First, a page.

The US standard railroad gauge (distance between the rails) is 4 feet, 8.5 inches. That's an exceedingly odd number.

Why was that gauge used? Because that's the way they built them in England , and English expatriates designed the US railroads.

Why did the English build them like that? Because the first rail lines were built by the same people who built the pre-railroad tramways, and that's the gauge they used.

Why did 'they' use that gauge then? Because the people who built the tramways used the same jigs and tools that they had used for building wagons, which used that wheel spacing.

Why did the wagons have that particular odd wheel spacing? Well, if they tried to use any other spacing, the wagon wheels would break on some of the old, long distance roads in England , because that's the spacing of the wheel ruts.

So who built those old rutted roads? Imperial Rome built the first long distance roads in Europe (including England ) for their legions. Those roads have been used ever since.

And the ruts in the roads?

Roman war chariots formed the initial ruts, which everyone else had to match for fear of destroying their wagon wheels.

Since the chariots were made for Imperial Rome , they were all alike in the matter of wheel spacing. Therefore the United States standard railroad gauge of 4 feet, 8.5 inches is derived from the original specifications for an Imperial Roman war chariot.

Bureaucracies live forever!!!.

But the next time you are handed a specification/procedure/process by CAsA and wonder 'What horse's ass came up with this? , you may be exactly right!!

Imperial Roman army chariots were made just wide enough to accommodate the rear ends of two war horses. (Two horses' asses.)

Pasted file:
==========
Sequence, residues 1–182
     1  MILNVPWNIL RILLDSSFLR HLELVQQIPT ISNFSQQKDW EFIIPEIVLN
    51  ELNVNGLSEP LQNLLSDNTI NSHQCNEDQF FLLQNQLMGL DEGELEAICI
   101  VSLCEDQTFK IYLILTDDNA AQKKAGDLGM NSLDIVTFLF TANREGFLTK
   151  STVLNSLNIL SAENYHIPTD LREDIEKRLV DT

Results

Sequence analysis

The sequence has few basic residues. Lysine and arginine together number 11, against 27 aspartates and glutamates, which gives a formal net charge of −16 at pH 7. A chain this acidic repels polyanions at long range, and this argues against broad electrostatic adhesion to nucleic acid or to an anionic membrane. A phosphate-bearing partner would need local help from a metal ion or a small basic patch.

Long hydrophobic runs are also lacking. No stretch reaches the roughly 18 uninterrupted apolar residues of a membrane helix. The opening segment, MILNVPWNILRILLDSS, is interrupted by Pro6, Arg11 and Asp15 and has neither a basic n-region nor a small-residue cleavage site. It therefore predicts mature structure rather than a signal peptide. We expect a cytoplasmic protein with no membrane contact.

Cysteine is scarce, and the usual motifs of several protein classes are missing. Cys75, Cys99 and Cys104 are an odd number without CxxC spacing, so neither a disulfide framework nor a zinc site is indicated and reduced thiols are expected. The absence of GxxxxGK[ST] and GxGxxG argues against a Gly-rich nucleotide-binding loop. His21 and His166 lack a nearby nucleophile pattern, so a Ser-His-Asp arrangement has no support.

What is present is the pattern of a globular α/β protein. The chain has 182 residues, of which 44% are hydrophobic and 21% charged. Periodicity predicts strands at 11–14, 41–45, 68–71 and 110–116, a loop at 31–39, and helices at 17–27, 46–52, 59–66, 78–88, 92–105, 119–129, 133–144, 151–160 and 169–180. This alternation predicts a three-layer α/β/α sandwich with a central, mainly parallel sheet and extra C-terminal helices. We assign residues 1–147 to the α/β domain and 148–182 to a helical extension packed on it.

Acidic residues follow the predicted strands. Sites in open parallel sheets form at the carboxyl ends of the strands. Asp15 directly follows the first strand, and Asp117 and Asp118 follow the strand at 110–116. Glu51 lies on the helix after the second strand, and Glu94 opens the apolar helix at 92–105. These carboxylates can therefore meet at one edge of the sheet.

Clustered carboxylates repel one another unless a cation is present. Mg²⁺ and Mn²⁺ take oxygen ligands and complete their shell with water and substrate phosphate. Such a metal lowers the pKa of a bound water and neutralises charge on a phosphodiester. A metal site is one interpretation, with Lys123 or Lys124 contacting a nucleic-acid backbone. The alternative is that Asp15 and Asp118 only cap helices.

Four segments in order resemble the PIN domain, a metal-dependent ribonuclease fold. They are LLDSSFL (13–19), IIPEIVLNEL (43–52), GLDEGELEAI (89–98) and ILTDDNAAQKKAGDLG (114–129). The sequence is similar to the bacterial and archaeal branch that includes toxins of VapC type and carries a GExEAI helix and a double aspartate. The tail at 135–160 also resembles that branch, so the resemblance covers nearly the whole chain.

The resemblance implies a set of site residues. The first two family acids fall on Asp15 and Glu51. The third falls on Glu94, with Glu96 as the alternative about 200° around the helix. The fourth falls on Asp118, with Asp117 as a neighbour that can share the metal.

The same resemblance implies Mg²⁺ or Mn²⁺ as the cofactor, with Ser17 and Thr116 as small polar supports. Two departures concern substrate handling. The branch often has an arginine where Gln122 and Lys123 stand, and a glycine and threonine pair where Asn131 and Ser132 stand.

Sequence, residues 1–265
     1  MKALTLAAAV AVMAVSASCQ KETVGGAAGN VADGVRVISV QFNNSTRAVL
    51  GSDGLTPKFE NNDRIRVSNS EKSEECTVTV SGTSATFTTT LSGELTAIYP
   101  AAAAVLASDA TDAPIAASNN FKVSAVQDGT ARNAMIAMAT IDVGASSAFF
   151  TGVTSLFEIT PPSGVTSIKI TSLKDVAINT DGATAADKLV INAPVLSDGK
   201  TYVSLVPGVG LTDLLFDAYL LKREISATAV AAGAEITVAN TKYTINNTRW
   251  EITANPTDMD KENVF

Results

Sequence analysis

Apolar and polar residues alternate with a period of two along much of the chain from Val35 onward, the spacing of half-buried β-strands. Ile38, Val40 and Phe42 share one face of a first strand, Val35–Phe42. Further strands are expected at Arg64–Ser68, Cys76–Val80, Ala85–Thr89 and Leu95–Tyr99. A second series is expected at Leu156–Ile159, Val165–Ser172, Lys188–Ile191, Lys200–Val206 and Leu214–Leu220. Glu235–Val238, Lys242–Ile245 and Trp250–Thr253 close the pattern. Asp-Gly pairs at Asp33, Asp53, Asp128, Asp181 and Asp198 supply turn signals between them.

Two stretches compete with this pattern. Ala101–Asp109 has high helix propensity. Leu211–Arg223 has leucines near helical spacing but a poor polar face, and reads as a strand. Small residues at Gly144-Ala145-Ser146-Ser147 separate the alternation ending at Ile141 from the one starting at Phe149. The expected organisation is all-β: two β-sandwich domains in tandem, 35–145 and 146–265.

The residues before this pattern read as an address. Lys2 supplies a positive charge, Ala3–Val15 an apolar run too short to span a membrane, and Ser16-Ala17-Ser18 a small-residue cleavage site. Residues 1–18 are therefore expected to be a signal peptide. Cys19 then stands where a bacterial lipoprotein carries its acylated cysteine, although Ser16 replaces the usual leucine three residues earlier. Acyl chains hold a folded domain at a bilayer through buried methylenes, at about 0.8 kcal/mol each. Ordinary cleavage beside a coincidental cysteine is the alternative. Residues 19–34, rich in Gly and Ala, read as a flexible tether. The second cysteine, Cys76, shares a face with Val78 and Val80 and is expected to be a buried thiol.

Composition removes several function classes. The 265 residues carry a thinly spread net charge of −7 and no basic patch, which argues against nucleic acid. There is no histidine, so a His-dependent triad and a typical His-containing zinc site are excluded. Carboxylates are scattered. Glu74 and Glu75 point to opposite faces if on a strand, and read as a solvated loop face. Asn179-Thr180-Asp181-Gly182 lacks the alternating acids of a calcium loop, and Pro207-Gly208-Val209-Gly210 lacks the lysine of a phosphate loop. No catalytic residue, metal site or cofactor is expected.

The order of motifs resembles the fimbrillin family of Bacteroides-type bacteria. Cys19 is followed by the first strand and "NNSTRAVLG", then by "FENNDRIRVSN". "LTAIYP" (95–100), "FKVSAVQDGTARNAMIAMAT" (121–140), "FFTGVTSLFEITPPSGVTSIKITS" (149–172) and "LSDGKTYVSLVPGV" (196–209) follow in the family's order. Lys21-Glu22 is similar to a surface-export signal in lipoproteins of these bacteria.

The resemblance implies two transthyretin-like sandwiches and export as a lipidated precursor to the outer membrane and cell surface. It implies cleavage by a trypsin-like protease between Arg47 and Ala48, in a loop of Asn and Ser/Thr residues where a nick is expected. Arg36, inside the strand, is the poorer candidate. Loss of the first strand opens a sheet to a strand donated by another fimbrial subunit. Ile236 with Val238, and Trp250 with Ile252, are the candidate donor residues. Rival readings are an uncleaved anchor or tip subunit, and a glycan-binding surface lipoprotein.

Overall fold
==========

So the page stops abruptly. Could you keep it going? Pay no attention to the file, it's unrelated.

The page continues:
Now, the twist to the story:

When you see a Space Shuttle sitting on its launch pad, there are two big booster rockets attached to the sides of the main fuel tank. These are solid rocket boosters, or SRBs. The SRBs are made by Thiokol at their factory in Utah.

The engineers who designed the SRBs would have preferred to make them a bit fatter, but the SRBs had to be shipped by train from the factory to the launch site. The railroad line from the factory happens to run through a tunnel in the mountains, and the SRBs had to fit through that tunnel. The tunnel is slightly wider than the railroad track, and the railroad track, as you now know, is about as wide as two horses' behinds.


So, a major Space Shuttle design feature of what was arguably the world's most advanced transportation system was determined over two thousand years ago by the width of a horse's ass.

And you thought being a horse's ass wasn't important?

Ancient horse's asses control almost everything...

And don’t that sound like CAsA today!!!

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Old 22nd Jun 2014, 01:41
  #855 (permalink)  
 
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Choccy Frog TB.

Best post on thread, fully supporting the benefits from 2000 years of pony pooh.
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Old 22nd Jun 2014, 04:38
  #856 (permalink)  
 
Join Date: May 2013
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I watched julie bishop giving the press club speech on her foreign affairs portfolio.
an amazing performance by a minister actively running a portfolio.

then I thought of Warren Truss. by comparison he seems to be so senile.
I would bet that the bureaucrats in CAsA have him sized up as impotent.
the working committees working on the new rules seem to be steaming along with pace unaltered.

just how do we stop all this pony poo?
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Old 22nd Jun 2014, 07:28
  #857 (permalink)